Cyberspace and Geopolitics: Assessing Global Cybersecurity Norms

This week I want to discuss Carnegie Endowment for International Peace’s article, Cyberspace and Geopolitics: Assessing Global Cybersecurity Norm Processes at a Crossroads. In the article, several weaknesses of the current ‘cyber norm’ were discussed, including lack of transparency regarding state behavior (inability to measure norms), lack of clear incentives for creating and adopting norms, and lack of international cooperation. The article goes on by offering solutions to the abovementioned inabilities of the current status of what the ‘cyber norm’ is, including increased research to measure alignment with common behaviors in cyberspace, creating a shared global database of cyber processes, researching efforts of incentive identification, and enforcing multi-stakeholder engagement in both identification and operation of various cybergroups (civil, industry, military, etc.) (Hollis, Ruhl, Hoffman, & Maurer, 2020).

I must admit that I had difficulty comprehending what the article was trying to prove, as many of the facts the authors used were merely speculations on what is currently accepted as the ‘cyber norm.’ After a few different read-throughs, I finally understood that this speculation and method of describing the purpose of the article was precisely intended, a study on how little we really understand cyberspace, including various countries’ laws, policies, and interactions with the often-cloudy cyber landscape. Identifying ‘cyber norms’ is practically impossible due to the Internet’s fast growth and always-evolving threats and technology. As there is no one answer to, for example, how to secure a specific organization using a ‘cookie cutter’ approach, it makes sense to perform research into what exactly is ‘normal’ in cybersecurity (Hollis, Ruhl, Hoffman, & Maurer, 2020).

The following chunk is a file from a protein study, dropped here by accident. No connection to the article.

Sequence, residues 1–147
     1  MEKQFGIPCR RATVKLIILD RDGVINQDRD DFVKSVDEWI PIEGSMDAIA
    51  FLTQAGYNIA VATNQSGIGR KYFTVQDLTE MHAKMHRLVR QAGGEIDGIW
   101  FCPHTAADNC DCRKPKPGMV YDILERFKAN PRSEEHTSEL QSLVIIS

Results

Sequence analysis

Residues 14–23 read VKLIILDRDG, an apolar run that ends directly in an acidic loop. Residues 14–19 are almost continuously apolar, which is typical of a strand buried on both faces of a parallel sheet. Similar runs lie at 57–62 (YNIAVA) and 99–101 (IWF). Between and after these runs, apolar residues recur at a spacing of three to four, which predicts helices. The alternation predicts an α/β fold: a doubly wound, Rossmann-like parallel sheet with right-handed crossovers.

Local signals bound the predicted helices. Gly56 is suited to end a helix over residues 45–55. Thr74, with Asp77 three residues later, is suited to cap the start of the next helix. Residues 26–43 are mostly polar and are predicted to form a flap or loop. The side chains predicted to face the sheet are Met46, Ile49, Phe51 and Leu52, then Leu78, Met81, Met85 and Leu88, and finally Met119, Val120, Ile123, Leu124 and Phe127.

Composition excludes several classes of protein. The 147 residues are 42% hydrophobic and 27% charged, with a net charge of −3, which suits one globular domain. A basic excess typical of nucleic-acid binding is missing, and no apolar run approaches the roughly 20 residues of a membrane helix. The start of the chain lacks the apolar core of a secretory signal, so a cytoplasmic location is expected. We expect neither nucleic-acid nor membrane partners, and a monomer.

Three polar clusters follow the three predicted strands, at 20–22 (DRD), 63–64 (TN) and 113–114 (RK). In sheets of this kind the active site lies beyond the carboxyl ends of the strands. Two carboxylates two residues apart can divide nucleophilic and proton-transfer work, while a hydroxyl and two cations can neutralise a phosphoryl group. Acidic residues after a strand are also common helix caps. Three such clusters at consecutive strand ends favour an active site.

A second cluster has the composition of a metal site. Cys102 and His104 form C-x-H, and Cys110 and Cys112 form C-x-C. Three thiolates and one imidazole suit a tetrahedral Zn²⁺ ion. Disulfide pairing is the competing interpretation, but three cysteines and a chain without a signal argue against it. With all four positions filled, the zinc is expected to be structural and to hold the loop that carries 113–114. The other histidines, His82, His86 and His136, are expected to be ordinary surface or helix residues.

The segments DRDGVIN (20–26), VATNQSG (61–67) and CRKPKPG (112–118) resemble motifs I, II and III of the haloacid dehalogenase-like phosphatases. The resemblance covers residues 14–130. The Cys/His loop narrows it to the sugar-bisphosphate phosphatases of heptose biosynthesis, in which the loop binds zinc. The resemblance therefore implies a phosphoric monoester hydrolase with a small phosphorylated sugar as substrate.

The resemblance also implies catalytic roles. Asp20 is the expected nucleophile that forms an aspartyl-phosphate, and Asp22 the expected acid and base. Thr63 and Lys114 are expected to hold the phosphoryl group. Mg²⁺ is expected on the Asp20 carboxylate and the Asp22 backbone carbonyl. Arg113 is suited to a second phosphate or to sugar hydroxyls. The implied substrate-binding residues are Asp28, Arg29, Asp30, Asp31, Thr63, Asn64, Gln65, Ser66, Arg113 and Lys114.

For instance, understanding a single cyberattack is quite frankly, similar to solving a murder investigation in a land unknown to the investigator, such as an undiscovered region in a land far away, so to speak. Many factors come into play that will not have answers to, such as the lack of data on the region, similar to how a new cyberattack’s investigation might as well have the investigators blindfolded trying to find clues to the attacker’s identity. Without knowing and understanding what the attack is, why it occurred, how the attack differs from typical operations on the system, and what the attacker could possibly gain from the intrusion, can we, as cybersecurity professionals, begin to build our defenses in the hopes of preventing further similar events.

After reading the article several times, I still do not fully grasp how it pertains to this week’s readings, other than expanding my own thought process while navigating the digital frontier. As we all know, the Internet is nothing but a free-flowing river spiraling through the mountains, often encountering narrower paths, running into obstacles, and even dealing with human-made interruptions and bypasses to divert the flow elsewhere, such as for farming. While it sounds odd, this thought process seemed to turn on a lightbulb in my head as I began to think of cyberattacks I have encountered in my career as this stream. For the first time, I saw the true origins of the attacker’s designs. If we, as a species, ever desire to reach the goal of peace on a global scale, we first need to define our cybersecurity norms. In other words, we need to collectively agree on what the environment the stream is in, what we want to do with it, and how we can all responsibly use it.


Hollis, D., Ruhl, C., Hoffman, W., Maurer, T. (2020, February 26). Cyberspace and geopolitics: Assessing global cybersecurity norm processes at a crossroads. Retrieved February 16, 2021, from

Categories: Security

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